Meningitis death keeps pupils home

Bay-Brook parents fearful after assistant principal dies of rare form of illness

May 22, 1999|By Liz Bowie | Liz Bowie,SUN STAFF

Despite assurances from health officials, many Bay-Brook Elementary School parents kept their children home yesterday after the southern Baltimore school's assistant principal became ill and died of meningitis.

City Health Commissioner Peter L. Beilenson said Patricia Jackson, 48, had a bacterial form of the illness which would not have spread through the Brooklyn school. The bacteria, pneumococcus, cause ear infections in children and pneumonia, he said, and are rarely associated with meningitis. "Many totally healthy people are walking around with this [bacteria] in their throats right now," he said.

For a reason unknown to doctors, the bacteria move into the brain and spinal cord of some people, causing meningitis, Beilenson said. Treatment is not recommended for children or adults who come in contact with a person with this type of meningitis, Beil- enson said.

Jackson, a 25-year school system employee, began complaining of nausea and headaches more than a week ago, but continued to work. She spent Monday and Tuesday at a state-sponsored training seminar for new assistant principals at the Professional Development Center on Northern Parkway, said Vanessa Pyatt, a school system spokeswoman.

On Tuesday afternoon, Jackson became incoherent, and her colleagues -- a group of about 30 other assistant principals -- called an ambulance. She was taken to Good Samaritan Hospital, where she died Thursday evening, Pyatt said.

Principal Catherine Reinholdt sent a letter home to parents on Wednesday informing them of Jackson's illness and assuring them the school was safe. Parents began calling immediately. Reinholdt said a small group of parents came to the school Thursday and took their children home but most parents seemed to accept the Health Department's assurances.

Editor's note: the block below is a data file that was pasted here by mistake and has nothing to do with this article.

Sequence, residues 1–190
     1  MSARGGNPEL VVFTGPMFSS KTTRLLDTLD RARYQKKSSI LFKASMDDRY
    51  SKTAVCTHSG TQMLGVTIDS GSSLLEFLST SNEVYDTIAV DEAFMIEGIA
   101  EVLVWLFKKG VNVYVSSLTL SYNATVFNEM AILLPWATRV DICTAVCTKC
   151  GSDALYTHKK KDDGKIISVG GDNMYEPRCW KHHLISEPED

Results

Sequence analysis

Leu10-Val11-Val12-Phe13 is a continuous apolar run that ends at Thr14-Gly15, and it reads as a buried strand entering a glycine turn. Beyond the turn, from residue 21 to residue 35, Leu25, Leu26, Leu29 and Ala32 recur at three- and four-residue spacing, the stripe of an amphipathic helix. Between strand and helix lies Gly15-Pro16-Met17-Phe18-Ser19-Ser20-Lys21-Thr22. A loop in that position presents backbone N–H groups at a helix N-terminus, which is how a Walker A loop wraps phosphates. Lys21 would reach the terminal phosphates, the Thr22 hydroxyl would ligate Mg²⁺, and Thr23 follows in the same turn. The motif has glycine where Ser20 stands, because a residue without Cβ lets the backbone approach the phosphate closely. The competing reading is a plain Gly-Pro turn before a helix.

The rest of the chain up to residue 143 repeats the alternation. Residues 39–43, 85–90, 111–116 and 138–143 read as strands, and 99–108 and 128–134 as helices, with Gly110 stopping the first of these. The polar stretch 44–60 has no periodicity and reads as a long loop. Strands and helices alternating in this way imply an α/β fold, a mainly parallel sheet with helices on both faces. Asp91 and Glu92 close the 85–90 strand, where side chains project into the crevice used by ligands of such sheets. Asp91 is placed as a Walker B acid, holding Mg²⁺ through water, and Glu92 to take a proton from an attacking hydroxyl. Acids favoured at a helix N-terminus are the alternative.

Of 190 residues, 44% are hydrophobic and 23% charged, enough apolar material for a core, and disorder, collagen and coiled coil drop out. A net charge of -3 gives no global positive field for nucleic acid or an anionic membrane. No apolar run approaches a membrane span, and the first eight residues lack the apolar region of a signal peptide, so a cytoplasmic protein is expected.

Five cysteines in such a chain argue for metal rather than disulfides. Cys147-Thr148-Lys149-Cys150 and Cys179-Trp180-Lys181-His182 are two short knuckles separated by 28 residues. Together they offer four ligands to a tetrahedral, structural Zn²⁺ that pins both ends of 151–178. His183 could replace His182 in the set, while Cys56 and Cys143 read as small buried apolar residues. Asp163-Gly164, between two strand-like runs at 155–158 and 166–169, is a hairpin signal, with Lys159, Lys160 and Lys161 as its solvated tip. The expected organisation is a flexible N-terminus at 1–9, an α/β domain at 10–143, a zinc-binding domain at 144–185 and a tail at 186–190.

Still, Reinholdt said, 70 parents kept their children home on Thursday and more did so on Friday, apparently out of fear. Attendance at the school was 79 percent on Thursday compared with 94 percent on the average day. Reinholdt said no teachers or staff members were absent from the 400-pupil school Friday. Parent Teacher Association President Catherine Greene said she sent her children to school. "Naturally, when you are dealing with a serious illness, everyone is very nervous," she said.

In a discussion with Jackson last week, Greene said the assistant principal told her she had rubbed Greene's son's back in order to relax him before a test.

"I have to leave it in God's hands and trust what they are saying is true. I am confident that this is one of those freak things," Greene said.

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